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Opening the road to custom astronomical UV gratings (Conference Presentation)
Author(s): Fabien Grise; Randall McEntaffer; Nicholas Kruczek; Kevin France; Eduard R. Muslimov; Jean-Claude Bouret; Amandine Caillat; Brian T. Fleming

Paper Abstract

Historically, ultraviolet (UV) gratings used in astronomical spectrographs have been made using two different techniques. Mechanically-ruled gratings have been produced for more than an hundred years. A diamond tool is used to create parallel grooves onto a fine metallic coating layer that has been previously deposited on a polished substrate. The edge-on profile of these grooves is a sawtooth tilted at a specific angle called the "blaze" angle. The blaze angle is the deciding factor that will allow for maximum efficiency at a specific wavelength called the "blaze" wavelength. Holographic gratings are produced using interference lithography. A layer of photoresist deposited on a substrate is exposed to fringes usually formed by exposure to two coherent laser beams. After development, the resulting pattern is sinusoidal by nature. Blazing one side of the sinusoidal profile of holographic gratings is possible through ion etching, but is only commonly used for a limited subset of grating parameters. Both types of gratings have different advantages: - Ruled gratings have a sharp, blazed profile that ensures good efficiency. However, they suffer from groove spacing inconsistencies that lead to stray light and ghosting. - Holographic gratings do not suffer from groove spacing errors which minimizes stray light. However, their sinusoidal profile (if not ion etched) leads to efficiency losses. At Penn State University, we are studying new processes that allow to fabricate blazed, high efficiency and high spectral resolution UV gratings for astronomical purposes. These processes are derived from the ones we used in creating X-ray gratings and consist of: - writing an electron-beam pattern consisting of parallel grooves on a layer of positive resist that has been deposited on a Si substrate. - dry etching this profile into a hard mask made of silicon nitride. - wet etching with KOH that will create the sawtooth profile at a specific blaze angle thanks to the properties of the different crystallographic planes of silicon. Gratings fabricated using these techniques show an excellent behavior all around, combining the best qualities from both ruled and holographic gratings. Indeed, they display a sharp sawtooth profile, they do not suffer from periodicity errors, and grating facets show low roughness. Recent testing show efficiencies that are close to the maximum, theoretical limit. Combined with the possibility to create custom blaze angles through the use of custom cut Si wafers, this opens the way to new applications in the field of astronomical UV spectroscopy.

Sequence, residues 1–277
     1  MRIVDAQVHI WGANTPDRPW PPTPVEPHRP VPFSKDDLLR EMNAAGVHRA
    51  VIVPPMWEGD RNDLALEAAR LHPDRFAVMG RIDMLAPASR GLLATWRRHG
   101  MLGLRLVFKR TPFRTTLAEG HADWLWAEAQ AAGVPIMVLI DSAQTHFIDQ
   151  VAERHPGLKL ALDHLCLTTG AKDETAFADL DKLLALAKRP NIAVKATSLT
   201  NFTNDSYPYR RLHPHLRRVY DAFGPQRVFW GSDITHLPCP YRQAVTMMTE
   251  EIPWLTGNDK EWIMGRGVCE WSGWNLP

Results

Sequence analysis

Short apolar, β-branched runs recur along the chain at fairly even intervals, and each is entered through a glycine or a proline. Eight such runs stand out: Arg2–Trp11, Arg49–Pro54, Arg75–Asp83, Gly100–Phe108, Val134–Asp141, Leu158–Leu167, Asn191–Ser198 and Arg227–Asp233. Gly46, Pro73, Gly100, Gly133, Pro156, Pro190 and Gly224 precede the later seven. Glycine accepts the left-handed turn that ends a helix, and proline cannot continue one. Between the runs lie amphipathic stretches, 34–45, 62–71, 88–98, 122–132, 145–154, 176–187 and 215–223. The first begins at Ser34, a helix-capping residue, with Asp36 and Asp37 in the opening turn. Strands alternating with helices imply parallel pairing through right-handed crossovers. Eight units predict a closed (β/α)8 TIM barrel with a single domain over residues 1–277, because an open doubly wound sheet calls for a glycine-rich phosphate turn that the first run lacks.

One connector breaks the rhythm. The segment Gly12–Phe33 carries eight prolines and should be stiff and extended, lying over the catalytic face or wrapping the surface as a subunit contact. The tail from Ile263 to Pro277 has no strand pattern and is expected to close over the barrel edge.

Paper Details

Date Published: 9 September 2019
PDF
Proc. SPIE 11119, Optics for EUV, X-Ray, and Gamma-Ray Astronomy IX, 111190Z (9 September 2019); doi: 10.1117/12.2530350
Show Author Affiliations
Fabien Grise, The Pennsylvania State Univ. (United States)
Randall McEntaffer, The Pennsylvania State Univ. (United States)
Nicholas Kruczek, Univ. of Colorado Boulder (United States)
Kevin France, Univ. of Colorado Boulder (United States)
Eduard R. Muslimov, Aix-Marseille Univ. (France)
CNRS (France)
Lab. d'Astrophysique de Marseille (France)
Jean-Claude Bouret, Aix Marseille Univ, (France)
CNRS (France)
Lab. d'Astrophysique de Marseille (France)
Amandine Caillat, Aix Marseille Univ. (France)
CNRS (France)
Lab. d'Astrophysique de Marseille (France)
Brian T. Fleming, Univ. of Colorado Boulder (United States)


Published in SPIE Proceedings Vol. 11119:
Optics for EUV, X-Ray, and Gamma-Ray Astronomy IX
Stephen L. O'Dell; Giovanni Pareschi, Editor(s)

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